What I got right and wrong about the iPad mini
So, as you know, the rumored iPad mini was finally revealed this week. About a month back, I predicted the five things that were going to be featured in the device. Let’s take a look back at what I got right and wrong about the iPad mini.
What I completely missed
I completely missed the iPad mini’s price and internal chip. Speculation and the market for seven inch tablets suggested that the iPad mini would be anywhere in the $249 – $299 range, but Apple really surprised us by pricing the device at $329. Just days before a rumor appeared saying that the device would be priced at $329, but it was really hard to believe. I predicted the price to be $299, but suggested that it may be offered at $249. Apple isn’t feeling the competition and doesn’t want to compete in the “cheap” tablet market by selling them at a loss. During Apple’s earnings call this week, Apple CFO Pete Oppenheimer revealed that even at $329 the iPad mini has a substantially lower product margins as a whole.
In addition, I thought the iPad mini would feature an A5X chip due to the third generation iPad having one, but instead Apple used the same A5 chip used in the iPad 2. It seems that the A5X chip was the odd man out all along.
What I got right
This did happen. Apple ended up putting a 7.9 display, but also added a nice touch to it. It runs existing iPad apps seamlessly out of the box and the screen has the same aspect ratio and resolution as the iPad 2. I feared apps would have to be remade from scratch specifically for the iPad mini, but I’m glad this didn’t end up being the case.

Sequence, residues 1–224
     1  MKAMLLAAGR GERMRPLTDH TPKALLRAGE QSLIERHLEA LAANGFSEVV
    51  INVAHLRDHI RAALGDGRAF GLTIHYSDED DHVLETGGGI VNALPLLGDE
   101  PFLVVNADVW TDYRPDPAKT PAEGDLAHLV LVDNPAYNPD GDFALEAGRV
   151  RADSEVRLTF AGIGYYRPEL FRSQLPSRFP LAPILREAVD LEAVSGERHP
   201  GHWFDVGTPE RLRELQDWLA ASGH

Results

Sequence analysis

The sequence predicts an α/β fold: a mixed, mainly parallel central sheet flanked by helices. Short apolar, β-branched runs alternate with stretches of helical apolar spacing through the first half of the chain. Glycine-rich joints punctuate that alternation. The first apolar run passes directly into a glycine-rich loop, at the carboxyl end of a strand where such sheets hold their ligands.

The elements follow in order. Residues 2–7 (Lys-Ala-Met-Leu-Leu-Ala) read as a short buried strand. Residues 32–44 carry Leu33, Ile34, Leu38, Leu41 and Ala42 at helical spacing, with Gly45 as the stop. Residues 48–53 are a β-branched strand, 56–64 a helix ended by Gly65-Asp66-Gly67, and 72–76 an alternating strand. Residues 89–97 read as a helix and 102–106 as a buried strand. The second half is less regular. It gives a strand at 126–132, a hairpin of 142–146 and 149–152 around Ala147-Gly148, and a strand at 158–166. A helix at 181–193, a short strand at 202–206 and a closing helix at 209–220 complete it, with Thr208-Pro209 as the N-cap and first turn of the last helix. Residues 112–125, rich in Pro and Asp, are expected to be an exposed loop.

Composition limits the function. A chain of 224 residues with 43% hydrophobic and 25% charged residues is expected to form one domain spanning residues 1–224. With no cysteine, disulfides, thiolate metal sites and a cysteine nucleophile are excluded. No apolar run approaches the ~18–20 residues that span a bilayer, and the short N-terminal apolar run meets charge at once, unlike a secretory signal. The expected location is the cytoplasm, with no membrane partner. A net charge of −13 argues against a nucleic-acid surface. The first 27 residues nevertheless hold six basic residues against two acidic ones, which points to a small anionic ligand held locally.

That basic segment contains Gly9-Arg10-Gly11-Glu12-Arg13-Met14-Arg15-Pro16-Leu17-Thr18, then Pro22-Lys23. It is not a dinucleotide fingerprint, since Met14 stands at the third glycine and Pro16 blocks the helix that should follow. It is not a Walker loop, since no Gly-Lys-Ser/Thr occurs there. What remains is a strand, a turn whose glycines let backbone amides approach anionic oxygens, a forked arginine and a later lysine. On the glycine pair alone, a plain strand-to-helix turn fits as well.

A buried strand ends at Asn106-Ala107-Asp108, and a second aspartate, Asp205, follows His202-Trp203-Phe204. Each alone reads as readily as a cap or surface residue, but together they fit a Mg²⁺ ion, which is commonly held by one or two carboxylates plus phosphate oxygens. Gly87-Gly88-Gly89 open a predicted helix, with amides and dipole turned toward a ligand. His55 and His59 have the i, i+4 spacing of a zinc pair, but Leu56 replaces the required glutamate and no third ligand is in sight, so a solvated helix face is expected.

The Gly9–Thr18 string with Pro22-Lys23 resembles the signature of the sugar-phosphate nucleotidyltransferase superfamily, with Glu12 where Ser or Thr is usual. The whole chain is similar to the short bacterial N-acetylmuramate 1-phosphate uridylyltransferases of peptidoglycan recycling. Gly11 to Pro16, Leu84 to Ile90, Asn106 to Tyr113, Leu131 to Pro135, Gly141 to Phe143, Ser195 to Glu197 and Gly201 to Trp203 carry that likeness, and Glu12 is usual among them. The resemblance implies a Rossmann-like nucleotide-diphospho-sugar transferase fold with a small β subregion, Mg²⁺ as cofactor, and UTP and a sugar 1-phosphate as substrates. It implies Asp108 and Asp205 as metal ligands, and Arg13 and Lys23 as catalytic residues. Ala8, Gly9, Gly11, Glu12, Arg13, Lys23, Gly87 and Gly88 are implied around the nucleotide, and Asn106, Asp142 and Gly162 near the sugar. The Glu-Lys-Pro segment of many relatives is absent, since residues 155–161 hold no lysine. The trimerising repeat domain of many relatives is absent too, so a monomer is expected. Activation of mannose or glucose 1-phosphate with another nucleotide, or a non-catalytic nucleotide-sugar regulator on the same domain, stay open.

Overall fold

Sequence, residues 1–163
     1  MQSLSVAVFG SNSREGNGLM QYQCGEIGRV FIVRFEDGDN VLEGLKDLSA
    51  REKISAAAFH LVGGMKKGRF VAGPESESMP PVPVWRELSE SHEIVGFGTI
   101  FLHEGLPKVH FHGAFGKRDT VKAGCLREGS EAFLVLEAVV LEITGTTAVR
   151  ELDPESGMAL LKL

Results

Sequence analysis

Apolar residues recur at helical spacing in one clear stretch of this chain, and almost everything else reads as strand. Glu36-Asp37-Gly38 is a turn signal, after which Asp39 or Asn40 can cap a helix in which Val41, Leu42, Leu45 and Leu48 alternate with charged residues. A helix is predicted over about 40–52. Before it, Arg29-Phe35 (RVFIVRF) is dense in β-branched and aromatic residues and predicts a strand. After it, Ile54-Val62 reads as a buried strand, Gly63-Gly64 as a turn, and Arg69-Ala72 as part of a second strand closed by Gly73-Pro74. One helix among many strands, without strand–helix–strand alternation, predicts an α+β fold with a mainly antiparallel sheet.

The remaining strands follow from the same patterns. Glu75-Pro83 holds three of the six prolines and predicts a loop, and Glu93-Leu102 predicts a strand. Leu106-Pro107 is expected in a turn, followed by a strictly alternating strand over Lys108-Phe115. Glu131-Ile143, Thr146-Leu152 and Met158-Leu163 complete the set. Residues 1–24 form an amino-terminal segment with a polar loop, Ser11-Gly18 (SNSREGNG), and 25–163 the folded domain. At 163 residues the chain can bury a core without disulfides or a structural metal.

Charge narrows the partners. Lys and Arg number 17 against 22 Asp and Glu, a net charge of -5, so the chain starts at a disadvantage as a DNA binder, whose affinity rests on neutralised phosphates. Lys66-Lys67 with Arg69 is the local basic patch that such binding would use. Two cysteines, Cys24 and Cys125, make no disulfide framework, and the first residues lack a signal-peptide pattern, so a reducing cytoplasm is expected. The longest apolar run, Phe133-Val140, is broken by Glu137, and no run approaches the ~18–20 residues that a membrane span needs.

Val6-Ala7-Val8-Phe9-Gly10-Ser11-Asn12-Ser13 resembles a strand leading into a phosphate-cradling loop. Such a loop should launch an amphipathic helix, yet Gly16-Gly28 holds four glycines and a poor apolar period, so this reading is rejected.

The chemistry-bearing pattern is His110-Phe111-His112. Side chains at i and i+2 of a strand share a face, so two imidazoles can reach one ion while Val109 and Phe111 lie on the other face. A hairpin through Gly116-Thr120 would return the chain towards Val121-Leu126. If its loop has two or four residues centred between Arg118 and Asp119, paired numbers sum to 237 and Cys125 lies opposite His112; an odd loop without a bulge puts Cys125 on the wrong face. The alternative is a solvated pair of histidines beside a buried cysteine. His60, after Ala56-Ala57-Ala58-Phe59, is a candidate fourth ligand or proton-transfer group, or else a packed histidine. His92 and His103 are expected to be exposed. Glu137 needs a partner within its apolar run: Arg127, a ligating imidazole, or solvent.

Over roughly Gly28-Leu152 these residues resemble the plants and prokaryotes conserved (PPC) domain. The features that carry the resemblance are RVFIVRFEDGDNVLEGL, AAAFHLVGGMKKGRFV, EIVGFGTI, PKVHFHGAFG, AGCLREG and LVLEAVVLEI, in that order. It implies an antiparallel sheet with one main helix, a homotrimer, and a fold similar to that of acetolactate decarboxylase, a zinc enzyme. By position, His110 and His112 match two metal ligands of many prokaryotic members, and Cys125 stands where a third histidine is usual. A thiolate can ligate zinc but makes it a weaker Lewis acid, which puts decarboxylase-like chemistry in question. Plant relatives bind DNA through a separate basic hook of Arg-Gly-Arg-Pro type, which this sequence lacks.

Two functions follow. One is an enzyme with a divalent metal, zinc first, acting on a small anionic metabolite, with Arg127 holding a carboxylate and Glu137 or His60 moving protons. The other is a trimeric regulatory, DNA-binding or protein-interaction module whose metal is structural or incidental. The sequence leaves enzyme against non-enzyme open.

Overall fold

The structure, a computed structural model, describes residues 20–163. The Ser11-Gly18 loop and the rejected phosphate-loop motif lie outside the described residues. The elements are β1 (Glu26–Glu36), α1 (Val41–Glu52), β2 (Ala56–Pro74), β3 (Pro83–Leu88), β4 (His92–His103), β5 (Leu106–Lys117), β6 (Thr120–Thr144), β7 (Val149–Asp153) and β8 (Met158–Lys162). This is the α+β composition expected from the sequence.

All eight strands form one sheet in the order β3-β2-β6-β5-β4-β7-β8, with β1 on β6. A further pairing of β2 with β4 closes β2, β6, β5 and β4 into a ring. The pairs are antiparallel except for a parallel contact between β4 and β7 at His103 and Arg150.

No Retina Display
Oh boy, was I bummed out about this. A Retina display in an iPad mini would have been killer feature, but this didn’t happen. Apple probably did this in order to keep costs down and a reasonable profit margin. Unlike majority of its competitors, Apple is actually making money on hardware. I know! What a concept!
iPad mini featuring 4G/LTE was inevitable. We have quickly transitioned from 3G network technology to 4G/LTE networks. In order to market it as the perfect on the go tablet, supporting a technology any other than 4G/LTE would not have made sense.
Called it. The iPad mini is as thin as a pencil, weighs just 0.68 pounds, and features a 9 pin Lightning connector. Besides a new type of color styling, the device looks very similar to an iPad. Apple also eliminated a lot of bezel for the best iPad mini experience possible and to added some software logic to avoid accidental touches. With every major new Apple product introduction, it seems that their products just get thinner and lighter. It’s Moore’s law at its best.
FaceTime + Siri:
FaceTime and Siri went from being an exclusive feature on only certain iOS devices to making its way to every latest device. It has also improved over the years from just FaceTime to FaceTime HD. Interestingly, the FaceTime camera has also be renamed to “iSight.” Surprisingly, the iPad 2 still doesn’t offer Siri though.
So, there you have it folks. An entire new line up for iPad, which will progress over time. I predict a little under 6 million iPad minis will be sold by the end of this year, and the number would be much higher if it wasn’t a challenge meeting demand. Overall, the iPad mini is not revolutionary, but it is an even further step into the “post-PC era.”